This will make you stand out from the thousands of applicants you are competing with.
Even if you’re a losing trader, it doesn’t matter.
Because it tells them you are accepting your current status (a losing trader), and want to improve your trading by joining a proprietary trading firm.
Here’s how to really stand out:
Bring along your trading journal and charts during the interview. Then use them to explain the thought process of your trades.
If you’ve done any backtests, bring the results along to show that you’re working hard to find an edge in the markets. That’ll impress your interviewers.
Passion alone is not enough. Read on to find out what else is required.
Studies have shown that Grit plays an important factor as well.
But what is grit?
Grit is the ability to keep moving forward even when the shit hits the fence.
Most traders will quit and stay away from trading after blowing up a few trading accounts.
But those with grit will constantly reflect their actions and seek to better themselves, which separates the winners from the losers.
I’ve spent close to 4 years learning how to trade, yet I wasn’t profitable.
It was depressing as I knew so much about trading but can’t turn my knowledge into profits.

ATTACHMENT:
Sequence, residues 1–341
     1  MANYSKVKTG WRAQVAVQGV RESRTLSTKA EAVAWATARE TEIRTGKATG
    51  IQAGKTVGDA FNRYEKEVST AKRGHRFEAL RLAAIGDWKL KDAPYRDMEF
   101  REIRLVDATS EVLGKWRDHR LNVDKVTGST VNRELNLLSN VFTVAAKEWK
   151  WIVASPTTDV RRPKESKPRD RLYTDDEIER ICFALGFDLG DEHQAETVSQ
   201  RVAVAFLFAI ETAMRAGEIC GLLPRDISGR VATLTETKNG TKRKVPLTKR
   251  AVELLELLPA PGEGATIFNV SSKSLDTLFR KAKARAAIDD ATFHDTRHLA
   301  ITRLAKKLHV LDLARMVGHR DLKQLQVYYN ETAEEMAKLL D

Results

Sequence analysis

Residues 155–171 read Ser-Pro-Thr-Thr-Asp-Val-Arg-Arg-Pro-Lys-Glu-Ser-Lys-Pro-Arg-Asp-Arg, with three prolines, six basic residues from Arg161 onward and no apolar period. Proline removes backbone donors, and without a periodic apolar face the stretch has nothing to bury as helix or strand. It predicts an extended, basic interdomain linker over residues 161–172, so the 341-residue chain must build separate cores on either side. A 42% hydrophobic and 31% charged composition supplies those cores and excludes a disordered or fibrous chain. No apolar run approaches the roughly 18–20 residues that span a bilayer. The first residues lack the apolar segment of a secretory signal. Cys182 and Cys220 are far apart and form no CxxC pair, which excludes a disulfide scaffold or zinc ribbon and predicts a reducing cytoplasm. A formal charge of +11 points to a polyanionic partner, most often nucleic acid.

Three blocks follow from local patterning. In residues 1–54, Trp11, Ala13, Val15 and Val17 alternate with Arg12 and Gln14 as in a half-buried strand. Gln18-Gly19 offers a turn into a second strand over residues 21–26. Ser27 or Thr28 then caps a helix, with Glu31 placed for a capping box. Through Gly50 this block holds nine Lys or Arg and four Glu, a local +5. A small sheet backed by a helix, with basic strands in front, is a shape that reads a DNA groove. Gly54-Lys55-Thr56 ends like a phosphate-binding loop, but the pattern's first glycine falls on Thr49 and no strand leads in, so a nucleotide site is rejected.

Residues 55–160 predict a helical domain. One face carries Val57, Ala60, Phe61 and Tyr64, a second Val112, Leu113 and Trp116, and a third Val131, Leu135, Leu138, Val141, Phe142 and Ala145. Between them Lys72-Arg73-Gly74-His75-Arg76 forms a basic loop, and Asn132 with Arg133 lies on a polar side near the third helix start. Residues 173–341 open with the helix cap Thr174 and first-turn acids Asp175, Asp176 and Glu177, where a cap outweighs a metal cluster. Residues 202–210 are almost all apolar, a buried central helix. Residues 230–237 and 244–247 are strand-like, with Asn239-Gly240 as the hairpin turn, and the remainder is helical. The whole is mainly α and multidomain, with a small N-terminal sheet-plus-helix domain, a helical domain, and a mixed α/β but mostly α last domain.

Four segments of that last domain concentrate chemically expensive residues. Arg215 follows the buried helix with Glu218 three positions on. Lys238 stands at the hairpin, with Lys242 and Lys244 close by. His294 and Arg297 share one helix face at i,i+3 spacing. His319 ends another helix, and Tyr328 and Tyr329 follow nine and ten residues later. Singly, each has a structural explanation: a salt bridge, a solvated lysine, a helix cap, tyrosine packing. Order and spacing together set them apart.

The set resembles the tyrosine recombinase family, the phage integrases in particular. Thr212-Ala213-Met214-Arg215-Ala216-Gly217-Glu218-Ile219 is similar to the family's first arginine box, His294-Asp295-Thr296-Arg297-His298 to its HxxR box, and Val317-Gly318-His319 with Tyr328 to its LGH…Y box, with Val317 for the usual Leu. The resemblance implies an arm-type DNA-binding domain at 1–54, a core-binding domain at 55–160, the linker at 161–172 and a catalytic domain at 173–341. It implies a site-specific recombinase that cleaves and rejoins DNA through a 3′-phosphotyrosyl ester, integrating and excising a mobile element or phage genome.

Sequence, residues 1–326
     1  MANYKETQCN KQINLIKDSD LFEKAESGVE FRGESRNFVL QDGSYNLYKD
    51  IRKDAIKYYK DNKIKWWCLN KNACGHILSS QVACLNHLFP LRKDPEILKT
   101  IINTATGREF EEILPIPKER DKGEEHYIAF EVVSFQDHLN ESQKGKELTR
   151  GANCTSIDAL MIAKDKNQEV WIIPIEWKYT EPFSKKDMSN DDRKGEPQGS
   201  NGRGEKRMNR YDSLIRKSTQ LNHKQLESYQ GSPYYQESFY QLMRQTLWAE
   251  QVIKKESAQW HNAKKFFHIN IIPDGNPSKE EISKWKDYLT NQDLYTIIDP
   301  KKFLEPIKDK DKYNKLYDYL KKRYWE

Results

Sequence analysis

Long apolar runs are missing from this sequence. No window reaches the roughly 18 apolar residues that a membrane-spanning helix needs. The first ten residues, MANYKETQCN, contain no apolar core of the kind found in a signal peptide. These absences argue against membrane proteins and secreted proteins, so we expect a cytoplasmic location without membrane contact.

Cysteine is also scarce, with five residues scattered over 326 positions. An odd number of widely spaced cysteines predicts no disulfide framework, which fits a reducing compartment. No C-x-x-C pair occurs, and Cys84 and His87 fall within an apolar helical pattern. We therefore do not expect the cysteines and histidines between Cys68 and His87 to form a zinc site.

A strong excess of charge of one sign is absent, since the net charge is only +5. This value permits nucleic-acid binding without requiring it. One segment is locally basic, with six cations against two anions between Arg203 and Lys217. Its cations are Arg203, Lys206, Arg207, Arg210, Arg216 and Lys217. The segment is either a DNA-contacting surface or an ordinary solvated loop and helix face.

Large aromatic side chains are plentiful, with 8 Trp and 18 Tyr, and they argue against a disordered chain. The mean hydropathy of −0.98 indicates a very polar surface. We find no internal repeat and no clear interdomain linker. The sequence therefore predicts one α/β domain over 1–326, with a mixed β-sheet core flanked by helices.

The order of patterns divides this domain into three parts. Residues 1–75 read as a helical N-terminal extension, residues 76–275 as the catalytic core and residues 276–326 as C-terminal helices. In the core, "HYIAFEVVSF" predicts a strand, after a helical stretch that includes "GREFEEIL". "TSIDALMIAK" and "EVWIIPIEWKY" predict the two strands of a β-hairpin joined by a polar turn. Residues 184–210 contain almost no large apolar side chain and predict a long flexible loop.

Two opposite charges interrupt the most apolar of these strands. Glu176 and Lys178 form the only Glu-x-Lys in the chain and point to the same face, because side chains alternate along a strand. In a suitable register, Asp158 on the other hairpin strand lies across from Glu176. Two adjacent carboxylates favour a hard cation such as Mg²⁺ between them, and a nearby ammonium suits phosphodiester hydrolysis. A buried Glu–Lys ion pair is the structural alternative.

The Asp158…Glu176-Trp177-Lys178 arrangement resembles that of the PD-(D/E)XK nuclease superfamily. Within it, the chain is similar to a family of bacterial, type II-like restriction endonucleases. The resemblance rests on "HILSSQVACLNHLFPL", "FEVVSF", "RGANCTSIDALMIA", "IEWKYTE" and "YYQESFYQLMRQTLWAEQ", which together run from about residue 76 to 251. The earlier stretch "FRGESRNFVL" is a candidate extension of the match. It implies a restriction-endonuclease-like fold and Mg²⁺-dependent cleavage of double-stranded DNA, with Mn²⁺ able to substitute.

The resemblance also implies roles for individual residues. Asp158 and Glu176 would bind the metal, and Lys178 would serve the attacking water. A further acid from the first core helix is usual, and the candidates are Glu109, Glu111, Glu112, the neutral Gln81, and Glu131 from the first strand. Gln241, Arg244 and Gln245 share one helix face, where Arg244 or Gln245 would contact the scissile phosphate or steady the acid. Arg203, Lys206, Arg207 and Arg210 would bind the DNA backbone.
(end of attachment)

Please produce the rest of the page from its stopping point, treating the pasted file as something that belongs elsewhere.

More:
Many times I felt that profitable trading is an illusion but never once did I considered giving up. There was always something in me that pushed me forward, and today I realized it is none other than grit.
I want you to read this book, Pit Bull: Lessons from Wall Street’s Champion Day Trader.
It’s about a trader called
4. Minimal liabilities during your learning curve
Here’s the kicker:
You want to have little liabilities and commitment as possible.
Best you are not married with kids, have no outstanding loans or any form of financial liabilities.
Most proprietary trading firms operate on the basis of giving traders a basic allowance, and a profit sharing scheme.
Also, trading has a steep learning curve, which can take a trader anywhere from 6 to 18 months to be consistently profitable.
The bottom line is this:
You will be living on a shoestring budget for a period of time, until you are consistently profitable. Thus it makes sense to reduce or have no liabilities at all.
Most proprietary trading firms will look for this factor, and this explains why they tend to hire fresh graduates below 30 years old.
Here’s another thing you should know..
5. Quick with numbers is a good thing
The trading approach of most proprietary trading firms is scalping, arbitraging or day trading.
Because you’re trading on lower time frames, you need to think fast and act fast.
So how do they test you?
During the interviews, they’d ask you mathematical questions (48 * 67), or solve some statistical puzzle (Monty Hall).
Some take it one step further by requiring you to pass a math test before granting an interview.